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Robots, recycling and Industry 4.0



Print and technology specialist Brother is pioneering the use of automation as it embraces the principles of ‘Industry 4.0’ by adding robots to its Recycling Technology Centres (RTCs) in Europe and America.

Robots have been introduced at its RTCs in the UK, Slovakia and in the States to automate the recycling process, expanding Brother’s capabilities and conserving more of the planet’s resources through ‘home grown’ mechatronic innovation.

Recycling for the environnement

As an environmental pioneer, Brother has been recycling used laser print supplies since 2004 and in Europe has recycled over 15 million toner cartridges avoiding 13,500 tonnes of materials going to landfill.

Through its free postal and bulk collection box programmes customers from across Europe are encouraged to send empty toner cartridges back to Brother, so that durable components can be remanufactured in new cartridges after careful inspection and cleaning.

Parts that cannot be remanufactured can be recycled, which sees the material granulated and used in other products such as garden furniture and flower pots – giving raw materials a new lease of life.

Efforts to expand the recycling and reuse capability of toner cartridges has seen Brother develop automated robotic production lines, which clean, inspect, adjust and replace components from customers’ returned cartridges.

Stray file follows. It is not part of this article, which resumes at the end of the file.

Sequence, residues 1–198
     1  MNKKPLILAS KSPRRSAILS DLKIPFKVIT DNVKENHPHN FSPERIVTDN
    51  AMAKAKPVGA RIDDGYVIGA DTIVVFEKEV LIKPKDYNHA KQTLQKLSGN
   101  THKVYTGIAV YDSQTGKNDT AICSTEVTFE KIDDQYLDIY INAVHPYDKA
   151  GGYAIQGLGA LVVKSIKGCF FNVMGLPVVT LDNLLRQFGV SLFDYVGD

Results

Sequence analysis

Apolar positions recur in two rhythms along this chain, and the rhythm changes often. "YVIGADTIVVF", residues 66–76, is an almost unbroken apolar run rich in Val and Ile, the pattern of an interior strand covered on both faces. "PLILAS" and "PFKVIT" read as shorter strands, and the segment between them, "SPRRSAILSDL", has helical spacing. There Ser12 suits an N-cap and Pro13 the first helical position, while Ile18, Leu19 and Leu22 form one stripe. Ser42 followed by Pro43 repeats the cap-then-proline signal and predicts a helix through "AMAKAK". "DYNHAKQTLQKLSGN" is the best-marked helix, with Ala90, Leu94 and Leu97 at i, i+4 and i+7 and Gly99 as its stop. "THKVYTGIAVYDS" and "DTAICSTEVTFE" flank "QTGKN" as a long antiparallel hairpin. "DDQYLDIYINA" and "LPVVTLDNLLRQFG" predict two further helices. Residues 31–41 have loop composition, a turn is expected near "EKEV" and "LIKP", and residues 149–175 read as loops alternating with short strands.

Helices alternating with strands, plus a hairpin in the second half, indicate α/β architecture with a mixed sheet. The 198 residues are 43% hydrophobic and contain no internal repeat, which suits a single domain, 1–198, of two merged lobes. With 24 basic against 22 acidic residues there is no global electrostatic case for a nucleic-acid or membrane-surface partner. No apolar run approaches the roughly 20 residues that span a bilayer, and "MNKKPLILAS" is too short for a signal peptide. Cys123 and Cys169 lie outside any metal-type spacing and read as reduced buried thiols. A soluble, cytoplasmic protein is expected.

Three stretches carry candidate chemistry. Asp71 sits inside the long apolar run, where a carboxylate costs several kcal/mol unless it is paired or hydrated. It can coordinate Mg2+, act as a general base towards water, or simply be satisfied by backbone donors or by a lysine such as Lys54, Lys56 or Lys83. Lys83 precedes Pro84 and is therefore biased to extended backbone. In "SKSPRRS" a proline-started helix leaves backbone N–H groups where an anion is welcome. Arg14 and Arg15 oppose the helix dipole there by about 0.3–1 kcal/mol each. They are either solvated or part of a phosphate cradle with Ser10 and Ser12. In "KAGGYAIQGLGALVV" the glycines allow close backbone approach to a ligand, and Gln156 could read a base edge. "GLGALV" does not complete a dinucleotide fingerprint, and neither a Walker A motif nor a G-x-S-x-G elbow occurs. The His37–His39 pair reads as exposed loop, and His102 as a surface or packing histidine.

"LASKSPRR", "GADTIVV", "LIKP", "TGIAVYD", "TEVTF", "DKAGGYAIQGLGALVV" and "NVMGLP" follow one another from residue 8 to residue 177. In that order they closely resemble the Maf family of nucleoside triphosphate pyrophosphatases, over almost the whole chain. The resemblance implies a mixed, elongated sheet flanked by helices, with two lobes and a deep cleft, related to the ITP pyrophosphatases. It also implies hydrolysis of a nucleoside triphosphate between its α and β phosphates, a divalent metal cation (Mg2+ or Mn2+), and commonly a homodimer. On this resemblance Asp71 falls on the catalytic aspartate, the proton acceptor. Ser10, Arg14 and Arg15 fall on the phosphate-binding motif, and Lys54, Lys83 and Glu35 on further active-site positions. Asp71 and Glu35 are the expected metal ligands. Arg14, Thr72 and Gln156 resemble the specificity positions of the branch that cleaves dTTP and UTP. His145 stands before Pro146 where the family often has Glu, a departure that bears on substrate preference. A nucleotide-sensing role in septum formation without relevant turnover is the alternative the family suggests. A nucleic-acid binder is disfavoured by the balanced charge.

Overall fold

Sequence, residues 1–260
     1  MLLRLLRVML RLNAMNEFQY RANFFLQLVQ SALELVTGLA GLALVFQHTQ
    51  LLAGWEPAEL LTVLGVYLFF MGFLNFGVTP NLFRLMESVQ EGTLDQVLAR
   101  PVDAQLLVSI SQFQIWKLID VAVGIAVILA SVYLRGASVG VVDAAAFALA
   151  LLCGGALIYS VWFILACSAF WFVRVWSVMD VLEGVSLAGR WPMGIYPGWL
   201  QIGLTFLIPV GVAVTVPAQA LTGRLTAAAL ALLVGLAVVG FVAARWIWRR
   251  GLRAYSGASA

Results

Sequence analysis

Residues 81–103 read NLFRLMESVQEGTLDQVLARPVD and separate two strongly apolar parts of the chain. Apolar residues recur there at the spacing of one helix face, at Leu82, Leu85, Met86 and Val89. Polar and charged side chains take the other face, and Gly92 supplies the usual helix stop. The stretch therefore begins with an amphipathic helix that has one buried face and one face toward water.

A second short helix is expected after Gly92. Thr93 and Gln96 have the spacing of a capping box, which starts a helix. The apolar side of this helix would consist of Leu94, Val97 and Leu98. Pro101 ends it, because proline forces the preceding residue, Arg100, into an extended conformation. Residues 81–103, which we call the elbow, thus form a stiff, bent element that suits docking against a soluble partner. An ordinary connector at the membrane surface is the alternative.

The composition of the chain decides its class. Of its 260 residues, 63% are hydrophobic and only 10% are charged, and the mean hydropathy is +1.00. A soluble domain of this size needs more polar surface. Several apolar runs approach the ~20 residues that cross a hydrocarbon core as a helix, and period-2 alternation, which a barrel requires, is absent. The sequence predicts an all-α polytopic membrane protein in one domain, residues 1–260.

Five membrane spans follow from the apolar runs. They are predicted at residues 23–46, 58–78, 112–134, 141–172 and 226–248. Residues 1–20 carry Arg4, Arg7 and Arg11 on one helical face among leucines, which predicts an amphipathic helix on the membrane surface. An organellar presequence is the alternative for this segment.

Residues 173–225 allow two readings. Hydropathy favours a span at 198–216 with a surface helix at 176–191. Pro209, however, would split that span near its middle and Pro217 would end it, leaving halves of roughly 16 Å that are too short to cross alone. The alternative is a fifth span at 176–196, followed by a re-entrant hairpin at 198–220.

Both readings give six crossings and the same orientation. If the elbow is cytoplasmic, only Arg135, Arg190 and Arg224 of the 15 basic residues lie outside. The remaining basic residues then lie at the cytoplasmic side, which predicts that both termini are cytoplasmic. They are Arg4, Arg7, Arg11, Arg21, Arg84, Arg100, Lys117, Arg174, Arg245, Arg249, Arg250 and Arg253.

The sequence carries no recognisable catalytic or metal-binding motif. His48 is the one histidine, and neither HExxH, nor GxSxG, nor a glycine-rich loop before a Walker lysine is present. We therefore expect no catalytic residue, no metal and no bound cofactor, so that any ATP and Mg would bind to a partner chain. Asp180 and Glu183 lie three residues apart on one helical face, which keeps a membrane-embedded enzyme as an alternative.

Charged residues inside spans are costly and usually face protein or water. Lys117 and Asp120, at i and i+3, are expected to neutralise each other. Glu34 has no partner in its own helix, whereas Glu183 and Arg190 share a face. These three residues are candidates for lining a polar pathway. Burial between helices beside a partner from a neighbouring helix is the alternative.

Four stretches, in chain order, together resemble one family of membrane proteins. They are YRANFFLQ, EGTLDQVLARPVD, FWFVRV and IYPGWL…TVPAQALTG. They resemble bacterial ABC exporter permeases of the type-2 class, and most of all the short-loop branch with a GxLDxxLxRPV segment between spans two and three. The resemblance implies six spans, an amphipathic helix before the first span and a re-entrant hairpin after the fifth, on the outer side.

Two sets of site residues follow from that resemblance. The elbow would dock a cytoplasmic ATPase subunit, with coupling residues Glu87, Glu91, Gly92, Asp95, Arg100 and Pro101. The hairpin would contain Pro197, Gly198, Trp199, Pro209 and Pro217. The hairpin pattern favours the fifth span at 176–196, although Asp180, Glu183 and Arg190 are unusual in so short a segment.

Innovation and automisation

This innovation in recycling capability, and significant nod to the principle of Industry 4.0, began at the Brother Industries UK RTC in 2012. It started with the creation of an Automation Department with its Mechanical, Production and Electronics Engineers collaborating with Product Design Engineers from Brother’s headquarters in Japan.

Phil Mack, Director at Brother Industries UK, said: “From the outset Brother believed it was essential to invest in its capability to design and manufacture its own automation and robotics technologies, rather than outsourcing.

“Not only was this to control costs but the challenge of disassembly of small components like screws and gears covered in grease presented opportunities to develop unique ‘in-house’ knowledge.

“3D computer-aided design and electrical design software was used to design the automation production lines. In turn, metal and plastic components were machined in-house. Meanwhile the programming of robots and the mechatronics is carried out by our team of highly skilled engineers.”

Now in the 6th year of its automation plan, the BIUK team has automated production lines in its recycling factories in the UK, Slovakia and US.

Graduate Robotics and Design Engineers have been recruited to support further growth and take forward development into new areas. The team includes Linda Litwach, who moved from Paris to join BIUK in 2017 after completing her MSC in Robotics Engineering.

Linda said: “I am really enjoying working collaboratively with engineers from across the world to design automated production lines to help expand the recycling capability of Brother and to help protect the planet’s natural resources.”

The team at BIUK are next set to focus their attentions on collaborative robots and Artificial Intelligence to continue to reduce costs and keep the brand’s recycling capabilities at the leading edge of sustainability.